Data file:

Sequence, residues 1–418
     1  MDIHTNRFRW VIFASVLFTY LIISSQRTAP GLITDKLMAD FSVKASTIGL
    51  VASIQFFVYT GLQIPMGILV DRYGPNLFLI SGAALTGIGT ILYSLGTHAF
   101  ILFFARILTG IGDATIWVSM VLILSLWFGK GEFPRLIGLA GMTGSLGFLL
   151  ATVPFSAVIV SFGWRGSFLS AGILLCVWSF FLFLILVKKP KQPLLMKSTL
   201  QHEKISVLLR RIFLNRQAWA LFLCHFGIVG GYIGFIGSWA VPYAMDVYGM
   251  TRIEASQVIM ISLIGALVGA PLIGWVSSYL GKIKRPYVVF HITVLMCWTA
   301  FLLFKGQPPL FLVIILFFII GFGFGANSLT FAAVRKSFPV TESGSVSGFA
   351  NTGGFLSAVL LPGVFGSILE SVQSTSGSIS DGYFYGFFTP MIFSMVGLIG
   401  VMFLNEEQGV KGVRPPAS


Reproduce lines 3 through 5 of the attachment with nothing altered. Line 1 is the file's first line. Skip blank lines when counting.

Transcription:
    51  VASIQFFVYT GLQIPMGILV DRYGPNLFLI SGAALTGIGT ILYSLGTHAF
   101  ILFFARILTG IGDATIWVSM VLILSLWFGK GEFPRLIGLA GMTGSLGFLL
   151  ATVPFSAVIV SFGWRGSFLS AGILLCVWSF FLFLILVKKP KQPLLMKSTL